Altaf is said to have told newly-elected Hyderabad Municipal Corporation councilors that Muhajirs’ problems would only be solved when a Muhajir was Prime Minister of Pakistan. However, the MQM could not make that happen, not even when it became a national party, the Muttahida Qaumi Movement. The MQM only represented Muhajirs, so while it won its strongholds with monotonous regularity, it could not break out, and found itself trapped in a permanent minority in the only provincial assembly it was in. It was taken into the national coalition by the PPP to provide it the majority it needed to govern, and thus thrust itself into the provincial government. With the PML-N, the situation was reversed. Alongside PML-N MPAs, and even PPP floorcrossers, the MQM provided the numbers needed for a Sindh government, and thus it forced itself on the national government.

However, when Gen Pervez Musharraf was President and Shaukat Aziz Prime Minister, the MQM had a dream team in office, both being Muhajirs. But the former’s constituency was not Muhajir, it seems to have been of no avail, except perhaps to other Muhajirs who had climbed initial rungs on their own. One result seems to have been that the District Nazim of Karachi of that era, Mustafa Kamal, ultimately broke off to form his own party. The first MQM mayor, Farooq Sattar, has now broken off, but a third head of Karachi from the MQM, Waseem Akhtar, has been elected, and though for him it is still early days, not to mention that he is in jail, he would bear watching by Altaf.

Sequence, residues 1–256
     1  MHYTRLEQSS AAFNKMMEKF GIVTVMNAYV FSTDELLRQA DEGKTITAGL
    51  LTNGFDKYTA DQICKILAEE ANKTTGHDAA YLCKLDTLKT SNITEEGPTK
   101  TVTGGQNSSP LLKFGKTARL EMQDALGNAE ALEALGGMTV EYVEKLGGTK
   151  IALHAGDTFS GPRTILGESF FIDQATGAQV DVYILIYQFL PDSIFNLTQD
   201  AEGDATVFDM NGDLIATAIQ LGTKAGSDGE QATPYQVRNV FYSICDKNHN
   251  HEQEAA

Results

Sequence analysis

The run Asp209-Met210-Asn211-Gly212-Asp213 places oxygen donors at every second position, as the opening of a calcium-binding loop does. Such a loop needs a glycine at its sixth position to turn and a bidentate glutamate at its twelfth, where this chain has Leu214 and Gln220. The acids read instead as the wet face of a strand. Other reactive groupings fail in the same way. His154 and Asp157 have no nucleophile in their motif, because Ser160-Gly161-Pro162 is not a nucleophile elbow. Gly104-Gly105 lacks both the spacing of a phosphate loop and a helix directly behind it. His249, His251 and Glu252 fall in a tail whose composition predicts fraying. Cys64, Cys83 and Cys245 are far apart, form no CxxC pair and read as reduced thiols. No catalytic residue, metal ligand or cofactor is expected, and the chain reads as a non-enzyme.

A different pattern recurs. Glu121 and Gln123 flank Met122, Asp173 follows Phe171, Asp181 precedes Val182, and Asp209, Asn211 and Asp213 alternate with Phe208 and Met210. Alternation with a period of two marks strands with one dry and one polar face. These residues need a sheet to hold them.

One reaction, which seemed to perpetuate the view that the MQM was in the Indian camp, was that Altaf’s speech had drawn away attention, both at home and abroad, from the ongoing tragedy in Kashmir. At the same time, attention was also drawn away from the Quetta blast as well as the Panama Leaks protests by the Tehrik Insaf and the Pakistan Awami Tehrik. That view might be natural, but it would belittle not just the MQM, but all Muhajirs. It should not be forgotten that Muhajirs need certificates of patriotism from no one. Altaf’s tirade was probably too much, and led to the local MQM distancing itself from him. One effect of that distancing would be the cutting off of the flow of funds to him. That money will have to be replaced by another source which has already been taped, that of the Muahjir diaspora. One problem is that such funds will have to be voluntary. Any attempt at strong-arm tactics will be met by the local law-enforcement agencies forcefully. Politically, it will be impossible to get control, while even influence will not be much, or easy.

The way that Dr Farooq Sattar went about the separation did not so much indicate his personal reverence of Altaf, but the status accorded him by the Muhajir people, which has spent the last three decades regarding him as their savior. It is in fact because of this that formulae will not work, and the desire of the establishment to get rid of Altaf, even if fulfilled, will not fulfill the demands of the Muhajir people, which might not be possible under the current constitutional arrangement. The MQM without Altaf is not a realistic aspiration. This may well be the tragedy of the Muhajir people, but it is a reality. Altaf represents something visceral, and thus cannot be replaced. Just as the rise of the MQM was the result of soul-searching among the Muhajirs, so the replacement of Altaf will not be because of some establishment figure’s wishes, but another debate, further soul-searching, predicated on the Muhajirs’ reluctance to go down the path taken in Altaf’s infamous speech.